Are you educating your field staff on the content of the HHCAHPS Survey, with focus on the specific questions that impact outcome calculations? Most of you would say, NO!
HHCAHPS is of vital importance in the Home Health Value-Based Purchasing Expansion and when reviewing the initial Pre-Implementation Performance Reports (PIPR), many agencies are discovering they have great scores with all OASIS items, but are struggling in the HHCAHPS scores.
Agencies must ensure that field staff understand the language used in the HHCAHPS surveys so they can use this wording in communicating with patients so that the patients accurately respond to the HHCAHPS Survey questions.
Example: One of the questions on the HHCAHPS asks “..when you contacted this agency’s office did you get the help or advice you needed?” In most cases a patient calling your office is not going to use the terms ‘help’ or ‘advice’. It’s important to be aware of the language being used when communicating with them. Using statements, when in their home, such as, “If there’s ever anything we can HELP you with, please don’t hesitate to call us first.” Such phrasing encourages the patient to call the home health agency for assistance instead of automatically going straight to the emergency room or calling 911 in a panic. Connecting this to the HHCAHPS means that when reading the question about calling for HELP, they will connect that calls they make to you are when they need HELP or ADVICE.
Another Example: The question regarding whether the agency talked with the patient about setting their home up safely does not seem to resonate with patients. Recently a therapist taught a patient to use a walker when ambulating and to remove loose rugs to prevent falls. After three sessions of this repeated education, the therapist asked the patient if they felt they had covered safety effectively, but the patient said no. I asked the therapist if they had used the word “safety” when instructing the patient, and the therapist didn’t understand. I emphasized that the therapist should have explicitly said, “When you ambulate, you need to ensure your safety by using your walker” and “make sure for your safety that there are no loose rugs on the floor so you don’t trip and fall.”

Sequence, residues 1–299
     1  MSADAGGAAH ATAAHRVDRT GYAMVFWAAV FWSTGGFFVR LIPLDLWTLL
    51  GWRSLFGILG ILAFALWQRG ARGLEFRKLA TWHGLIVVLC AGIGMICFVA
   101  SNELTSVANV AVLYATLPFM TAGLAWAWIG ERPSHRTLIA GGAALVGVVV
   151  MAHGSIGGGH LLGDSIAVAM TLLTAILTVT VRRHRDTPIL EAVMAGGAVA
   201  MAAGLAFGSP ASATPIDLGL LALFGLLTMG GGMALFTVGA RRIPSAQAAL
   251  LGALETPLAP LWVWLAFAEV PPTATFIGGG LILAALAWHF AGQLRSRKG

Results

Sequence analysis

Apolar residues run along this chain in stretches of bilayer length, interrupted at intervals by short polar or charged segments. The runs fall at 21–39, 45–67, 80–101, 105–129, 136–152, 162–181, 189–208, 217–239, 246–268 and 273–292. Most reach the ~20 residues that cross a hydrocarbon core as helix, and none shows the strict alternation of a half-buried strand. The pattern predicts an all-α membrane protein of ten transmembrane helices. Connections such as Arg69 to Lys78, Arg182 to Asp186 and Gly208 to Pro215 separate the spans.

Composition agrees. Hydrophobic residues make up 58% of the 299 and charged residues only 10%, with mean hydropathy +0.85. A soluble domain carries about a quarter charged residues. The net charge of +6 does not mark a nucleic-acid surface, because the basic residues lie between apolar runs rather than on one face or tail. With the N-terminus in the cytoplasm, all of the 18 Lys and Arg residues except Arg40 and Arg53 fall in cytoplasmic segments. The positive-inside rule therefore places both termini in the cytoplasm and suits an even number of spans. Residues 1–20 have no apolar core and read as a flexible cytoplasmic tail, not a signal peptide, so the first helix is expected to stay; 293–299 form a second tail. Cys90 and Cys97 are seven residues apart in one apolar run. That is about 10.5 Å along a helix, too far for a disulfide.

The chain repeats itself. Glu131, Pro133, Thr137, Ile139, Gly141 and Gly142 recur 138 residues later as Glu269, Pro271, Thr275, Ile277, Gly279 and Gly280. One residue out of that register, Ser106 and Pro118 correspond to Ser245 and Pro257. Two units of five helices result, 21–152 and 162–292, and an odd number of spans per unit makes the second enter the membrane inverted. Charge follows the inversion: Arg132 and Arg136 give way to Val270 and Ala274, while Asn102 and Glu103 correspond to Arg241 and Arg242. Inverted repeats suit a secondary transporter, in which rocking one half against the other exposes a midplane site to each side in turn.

When working with patients on safety measures it is important to use terms such as “safety” instead of simply speaking generally about avoiding falls or other associated risks of not following instructions correctly; this will provide further clarity and help trigger their knowledge of survey questions regarding safety issues related to care provided by home care staff.
It is essential for home care providers and staff to have an understanding of what is being asked in survey questions so they can improve communication with their patients. To increase knowledge in this area, it is imperative that clinicians review survey questions included in the five outcome measure calculations for Value-Based Purchasing; this way, they will know exactly what language should be utilized when talking with their patients about certain topics or issues related to care received from home care providers.
Overall, understanding HHCAHPS language and incorporating it into daily conversations between home care providers and their patients is essential if quality outcomes are going to be documented consistently over time. Utilizing terms like “help” or “safety” while speaking with patients will assist patients in more accurately answering survey questions related to receiving care from home care providers; this will contribute greatly towards making sure accurate data is being provided so agencies can experience the outcome scores that most reflect the actual care they are providing, which impact the HHCAHPS Star Rating and Value-Based Purchasing scores.
If any additional assistance is needed regarding HHCAHPS surveys and how best to communicate with patients about certain topics, home care providers should not hesitate reach out and ask for help from Healthcare Provider Solutions.
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